Associate Professor of Plant Biology, Michigan State University

I am a community ecologist interested in the consequences of anthropogenic change for plant biodiversity and the prospects for its restoration. Much of my work is both spatial and experimental, often taking the form of large-scale restoration and landscape ecology experiments. My research also bridges basic and applied ecology – I’m fascinated by both the fundamental mechanisms underlying plant community patterns, but also the translation of this understanding into better restoration and land management. Along the way, I study a variety of topics including (in no particular order): community assembly, habitat fragmentation, fire ecology, plant-animal interactions (e.g., dispersal, herbivory, pollination, parasitism), landscape corridors, ecosystem dynamics, and land-use legacies.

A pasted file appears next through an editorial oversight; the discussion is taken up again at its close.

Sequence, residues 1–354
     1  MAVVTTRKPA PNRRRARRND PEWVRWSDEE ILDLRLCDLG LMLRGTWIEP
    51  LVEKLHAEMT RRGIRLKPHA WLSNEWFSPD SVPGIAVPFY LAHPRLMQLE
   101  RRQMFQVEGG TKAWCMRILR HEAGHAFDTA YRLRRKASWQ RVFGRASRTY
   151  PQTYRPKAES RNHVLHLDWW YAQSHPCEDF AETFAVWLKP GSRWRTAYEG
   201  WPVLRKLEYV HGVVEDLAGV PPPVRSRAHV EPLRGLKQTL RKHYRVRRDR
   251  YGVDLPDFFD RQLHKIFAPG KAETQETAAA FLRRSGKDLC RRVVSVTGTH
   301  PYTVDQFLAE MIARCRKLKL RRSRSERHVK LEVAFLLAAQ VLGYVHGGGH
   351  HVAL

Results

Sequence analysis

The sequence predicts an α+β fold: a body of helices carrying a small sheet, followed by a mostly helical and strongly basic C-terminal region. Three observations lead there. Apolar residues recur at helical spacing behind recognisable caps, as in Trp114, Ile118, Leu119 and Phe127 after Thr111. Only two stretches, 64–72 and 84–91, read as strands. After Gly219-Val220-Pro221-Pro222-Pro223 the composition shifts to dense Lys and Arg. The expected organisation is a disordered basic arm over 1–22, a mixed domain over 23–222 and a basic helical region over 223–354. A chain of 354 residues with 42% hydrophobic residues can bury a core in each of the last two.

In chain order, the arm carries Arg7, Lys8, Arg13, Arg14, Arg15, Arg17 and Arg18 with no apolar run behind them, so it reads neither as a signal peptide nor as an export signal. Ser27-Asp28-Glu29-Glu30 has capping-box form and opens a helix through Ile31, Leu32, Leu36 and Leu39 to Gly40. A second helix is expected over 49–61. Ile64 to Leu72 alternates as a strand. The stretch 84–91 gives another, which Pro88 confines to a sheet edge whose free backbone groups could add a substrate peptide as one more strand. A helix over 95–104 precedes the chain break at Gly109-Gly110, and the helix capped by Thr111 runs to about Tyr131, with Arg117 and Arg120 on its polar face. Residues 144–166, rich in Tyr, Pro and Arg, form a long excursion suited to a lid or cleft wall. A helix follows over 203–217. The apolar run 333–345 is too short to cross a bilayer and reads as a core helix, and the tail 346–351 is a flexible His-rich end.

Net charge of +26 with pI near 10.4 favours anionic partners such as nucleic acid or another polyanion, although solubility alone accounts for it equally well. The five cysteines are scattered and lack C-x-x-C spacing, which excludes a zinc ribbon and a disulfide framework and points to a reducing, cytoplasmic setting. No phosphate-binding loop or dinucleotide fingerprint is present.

Experience

  • –present
    Associate Professor of Plant Biology, Michigan State University